Sir John Giffard, Baron of Brimpsfield

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John "Le Boef" Giffard, Lord of Brimsfield

Also Known As: "John LE BOEF Giffard", "Baron", "Knight"
Birthplace: Brimpsfield, Gloucestershire, England
Death: Died in Boyton, Wiltshire, England
Place of Burial: Wiltshire, England
Immediate Family:

Son of Elias IV Giffard, Lord of Brimpsfield and Alicia Giffard, Heiress Of Ashton
Husband of Margaret, Widow of John de Neville, of Essex; Aubrey De Caumville Abbess Of Polesworth and Maud de Clifford, Baroness Giffard
Father of Katherine Giffard; Eleanor Giffard; Maude Giffard; Catherine Giffard and Elizabeth Giffard

Occupation:, Baron, Abt 1334 Of Yoe, , Devon, England
Managed by: Eric Michael ANDERSON
Last Updated:

About Sir John Giffard, Baron of Brimpsfield

John, Lord Giffard of Brimsfield

b. 19 January 1241, d. 29 May 1299

Father Sir Elias Giffard Knt.1 b. circa 1211?, d. 1248

Mother Alice Maltravers b. after 1202


  • (1) m. Maud de Clifford b. circa 1234, d. after December 1282
  • (2) m. Margaret, widow of Sir John de Neville, of Hallingbury [m. in 1286]


  • Catherine Giffard+ b. c 1267, d. a 13224
  • Eleanore Giffard+ b. 1275, d. b 23 Jan 1323/248,9
  • John (1287–1322)


1. JOHN Giffard . Lord Giffard of Brimpsfield. m firstly MATILDA de Clifford, daughter of ---. John & his wife had children:

a) CATHERINE Giffard (1272-after 1322). The Book of Lacock names “Catharinam filiam Johannis Giffard” as wife of “Nich’um de Audele”, son of “Jacobus de Audele”[1248]. She became a nun at Ledbury[1249]. m (1299 or before) NICHOLAS de Audley, son of JAMES de Audley of Heleigh, Staffordshire & his wife Ela Longespee (before 1258-28 Aug 1299).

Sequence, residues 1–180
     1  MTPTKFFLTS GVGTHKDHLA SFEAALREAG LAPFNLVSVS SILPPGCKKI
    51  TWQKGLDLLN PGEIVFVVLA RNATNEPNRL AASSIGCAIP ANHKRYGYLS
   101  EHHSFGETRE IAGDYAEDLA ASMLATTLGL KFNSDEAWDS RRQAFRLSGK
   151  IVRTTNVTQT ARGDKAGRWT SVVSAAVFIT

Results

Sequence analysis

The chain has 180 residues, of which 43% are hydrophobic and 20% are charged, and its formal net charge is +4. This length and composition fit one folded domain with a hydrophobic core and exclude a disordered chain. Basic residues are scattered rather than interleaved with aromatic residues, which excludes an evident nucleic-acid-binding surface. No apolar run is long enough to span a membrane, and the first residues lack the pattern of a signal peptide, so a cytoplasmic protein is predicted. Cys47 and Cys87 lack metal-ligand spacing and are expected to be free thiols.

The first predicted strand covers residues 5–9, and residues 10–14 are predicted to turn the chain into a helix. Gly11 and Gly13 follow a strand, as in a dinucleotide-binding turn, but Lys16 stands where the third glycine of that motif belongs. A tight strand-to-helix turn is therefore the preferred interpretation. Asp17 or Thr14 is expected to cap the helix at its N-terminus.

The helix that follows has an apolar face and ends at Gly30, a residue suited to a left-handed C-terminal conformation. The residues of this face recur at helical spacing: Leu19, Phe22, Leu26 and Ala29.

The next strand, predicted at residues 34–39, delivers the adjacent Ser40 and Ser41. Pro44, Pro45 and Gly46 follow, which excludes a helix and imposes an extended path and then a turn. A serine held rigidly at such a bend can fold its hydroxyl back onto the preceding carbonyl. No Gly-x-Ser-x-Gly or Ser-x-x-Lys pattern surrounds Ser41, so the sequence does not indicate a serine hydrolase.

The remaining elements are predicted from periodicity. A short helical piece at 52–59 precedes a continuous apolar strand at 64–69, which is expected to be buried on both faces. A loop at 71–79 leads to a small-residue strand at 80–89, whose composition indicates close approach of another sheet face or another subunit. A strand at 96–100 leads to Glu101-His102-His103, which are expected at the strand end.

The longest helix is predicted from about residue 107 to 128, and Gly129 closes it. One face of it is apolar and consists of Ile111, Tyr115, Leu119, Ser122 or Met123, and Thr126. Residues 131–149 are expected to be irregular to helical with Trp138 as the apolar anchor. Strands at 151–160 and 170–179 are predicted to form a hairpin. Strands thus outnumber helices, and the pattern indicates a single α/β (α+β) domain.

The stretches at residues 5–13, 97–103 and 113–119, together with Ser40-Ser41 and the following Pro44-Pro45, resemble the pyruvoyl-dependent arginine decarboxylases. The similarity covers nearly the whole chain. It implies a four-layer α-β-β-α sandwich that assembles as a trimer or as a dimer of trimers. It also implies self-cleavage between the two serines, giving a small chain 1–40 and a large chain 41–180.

Also called Sir John Giffard of Brimsfield.2 Arms: Gules, three lions passant, in pale, argent, and langued, azure.1 John, Lord Giffard of Brimsfield was born on 19 January 1241 at Brimsfield, Gloucestershire, England.3 He was the son of Sir Elias Giffard Knt. and Alice Maltravers.1 John, Lord Giffard of Brimsfield married Maud de Clifford, daughter of Walter, 3rd Lord Clifford and Margred verch Llewelyn; Her 2nd.2,4 Summons writs - recorded "- merely -" on the Welsh Rolls and ignored by Dugdale. Includes 11 Earls and 99 others "who must, if the writs be good, be accounted as Barons." In 1283.5 John, Lord Giffard of Brimsfield was summoned by writ directed "Johanni Giffard de Brimmesfeld" in 1283.6 John was summoned to parliament by Edward I "Longshanks", King of England on 23 June 1295 as Lord Giffard of Brimsfield.7 1st Lord Giffard of Brimsfield at Gloucestershire, England, on 23 June 1295.7 John, Lord Giffard of Brimsfield was a witness where Edward I "Longshanks", King of England called a Parliament and summoned his Barons on 23 June 1295.7 John, Lord Giffard of Brimsfield died on 29 May 1299 at Boynton, Wiltshire, England, at age 58 years, 4 months and 10 days.3


[S603] C.B., LL.D., Ulster King of Arms Sir Bernard Burke, B:xP, pg. 231.